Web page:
Common ground for effort sharing? Preferred principles for distributing climate mitigation efforts
Thomas Nils Samuel Sterner and
Sverker C. Jagers Additional contact information Mattias Hjerpe: Centre for Climate Science and Policy Research, Nya kåkenhus, Linköping University
Björn-Ola Linnér: Centre for Climate Science and Policy Research, Nya kåkenhus, Linköping University
Magnus Hennlock: Department of Economics, School of Business, Economics and Law, Göteborg University, Postal: Box 640, SE 40530 GÖTEBORG
Sverker C. Jagers: Social Science Division, Luleå University of Technology and Department of Political Science, University of Gothenburg, Postal: Box 640, SE 40530 GÖTEBORG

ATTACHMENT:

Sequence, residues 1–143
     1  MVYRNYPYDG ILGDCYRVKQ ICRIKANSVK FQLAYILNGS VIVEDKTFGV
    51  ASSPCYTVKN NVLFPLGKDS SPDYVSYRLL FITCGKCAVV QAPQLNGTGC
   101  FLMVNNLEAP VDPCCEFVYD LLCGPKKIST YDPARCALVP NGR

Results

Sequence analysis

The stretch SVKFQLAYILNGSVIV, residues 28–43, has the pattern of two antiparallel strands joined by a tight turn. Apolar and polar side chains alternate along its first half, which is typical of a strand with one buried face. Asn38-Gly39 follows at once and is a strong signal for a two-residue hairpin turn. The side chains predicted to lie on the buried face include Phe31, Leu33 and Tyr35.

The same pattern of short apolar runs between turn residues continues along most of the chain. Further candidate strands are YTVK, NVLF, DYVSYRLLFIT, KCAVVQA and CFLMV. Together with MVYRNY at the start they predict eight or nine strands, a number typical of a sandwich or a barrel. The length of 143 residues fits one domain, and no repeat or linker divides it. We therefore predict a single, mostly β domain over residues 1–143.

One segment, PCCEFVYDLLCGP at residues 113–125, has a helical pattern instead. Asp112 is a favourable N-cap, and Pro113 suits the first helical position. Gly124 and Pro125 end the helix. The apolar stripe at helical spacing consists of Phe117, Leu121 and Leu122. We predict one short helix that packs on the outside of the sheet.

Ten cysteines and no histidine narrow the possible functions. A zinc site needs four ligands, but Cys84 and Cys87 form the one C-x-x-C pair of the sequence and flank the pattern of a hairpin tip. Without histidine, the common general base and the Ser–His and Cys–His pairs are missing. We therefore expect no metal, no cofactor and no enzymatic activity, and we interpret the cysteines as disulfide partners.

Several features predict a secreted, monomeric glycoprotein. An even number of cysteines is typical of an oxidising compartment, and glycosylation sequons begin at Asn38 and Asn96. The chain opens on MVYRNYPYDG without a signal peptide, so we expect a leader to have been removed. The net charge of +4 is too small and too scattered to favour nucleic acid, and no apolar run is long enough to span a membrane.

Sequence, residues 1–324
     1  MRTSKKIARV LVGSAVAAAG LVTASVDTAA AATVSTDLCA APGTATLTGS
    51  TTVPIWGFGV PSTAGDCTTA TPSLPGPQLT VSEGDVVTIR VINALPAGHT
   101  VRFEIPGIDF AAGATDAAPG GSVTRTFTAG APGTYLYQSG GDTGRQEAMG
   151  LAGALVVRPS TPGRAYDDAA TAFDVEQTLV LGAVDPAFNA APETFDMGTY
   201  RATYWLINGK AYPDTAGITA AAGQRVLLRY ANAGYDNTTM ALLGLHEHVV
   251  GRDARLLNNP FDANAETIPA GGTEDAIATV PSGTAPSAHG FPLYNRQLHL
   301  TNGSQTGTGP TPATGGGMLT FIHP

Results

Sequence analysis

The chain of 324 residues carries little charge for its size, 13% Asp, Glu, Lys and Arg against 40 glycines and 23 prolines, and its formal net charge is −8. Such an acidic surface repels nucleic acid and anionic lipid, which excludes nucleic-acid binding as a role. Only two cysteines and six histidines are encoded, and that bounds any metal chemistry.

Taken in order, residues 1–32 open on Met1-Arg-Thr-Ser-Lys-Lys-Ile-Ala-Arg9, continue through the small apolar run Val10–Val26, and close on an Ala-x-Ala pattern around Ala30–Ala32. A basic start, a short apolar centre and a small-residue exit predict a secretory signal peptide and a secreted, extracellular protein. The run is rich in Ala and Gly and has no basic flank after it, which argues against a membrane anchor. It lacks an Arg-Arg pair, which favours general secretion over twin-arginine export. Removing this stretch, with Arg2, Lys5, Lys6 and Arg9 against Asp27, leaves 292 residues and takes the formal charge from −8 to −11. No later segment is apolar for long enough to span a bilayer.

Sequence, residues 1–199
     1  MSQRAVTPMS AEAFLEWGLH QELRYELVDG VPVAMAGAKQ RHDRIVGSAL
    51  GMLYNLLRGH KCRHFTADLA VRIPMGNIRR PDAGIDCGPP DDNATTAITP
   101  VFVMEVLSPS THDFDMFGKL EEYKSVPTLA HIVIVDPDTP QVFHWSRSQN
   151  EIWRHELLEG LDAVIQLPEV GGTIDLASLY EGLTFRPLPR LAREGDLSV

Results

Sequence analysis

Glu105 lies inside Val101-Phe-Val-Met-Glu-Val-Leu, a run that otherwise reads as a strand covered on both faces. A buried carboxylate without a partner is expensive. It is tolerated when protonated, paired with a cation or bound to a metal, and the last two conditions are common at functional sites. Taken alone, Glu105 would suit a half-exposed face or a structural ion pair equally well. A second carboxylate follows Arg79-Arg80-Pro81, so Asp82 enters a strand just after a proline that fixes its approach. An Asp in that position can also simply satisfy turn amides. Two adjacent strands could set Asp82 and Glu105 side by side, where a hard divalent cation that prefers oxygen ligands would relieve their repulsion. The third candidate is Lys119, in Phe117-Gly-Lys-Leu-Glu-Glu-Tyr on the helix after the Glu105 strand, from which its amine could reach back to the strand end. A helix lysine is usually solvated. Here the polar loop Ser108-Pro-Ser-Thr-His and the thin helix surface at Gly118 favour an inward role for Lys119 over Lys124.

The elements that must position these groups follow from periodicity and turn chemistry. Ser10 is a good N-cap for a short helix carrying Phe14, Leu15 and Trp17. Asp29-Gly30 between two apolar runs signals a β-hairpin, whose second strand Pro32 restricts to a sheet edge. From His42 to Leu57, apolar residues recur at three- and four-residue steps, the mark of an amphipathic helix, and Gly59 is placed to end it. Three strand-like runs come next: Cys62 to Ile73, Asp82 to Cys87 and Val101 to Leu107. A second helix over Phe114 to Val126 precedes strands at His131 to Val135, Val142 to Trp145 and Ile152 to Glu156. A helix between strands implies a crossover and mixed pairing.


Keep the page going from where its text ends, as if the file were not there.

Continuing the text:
This paper fills a gap in the current academic and policy literature concerning how parties to the United Nations Framework Convention on Climate Change find common ground when distributing commitments and responsibilities to curb climate change. Preferred principles for sharing the effort to mitigate greenhouse gas emissions are compared among 170 delegates and more than 300 observers attending the UN Climate Conference in Copenhagen in December 2009. Respondents were asked to indicate their degree of support for eight effort-sharing principles for mitigation action. The survey results are analysed according to geographical region and party coalition affiliation. The results indicate that voluntary contribution, indicated as willingness to contribute, was the least preferred principle among both negotiators and observers. This could be seen as ironic, given that voluntary contribution is the guiding principle of the Copenhagen Accord. Across regions and party coalitions, agreement was strongest for basing a country’s mitigation level on its capacity to pay in terms of GDP per capita and on its historic greenhouse gas emissions since 1990.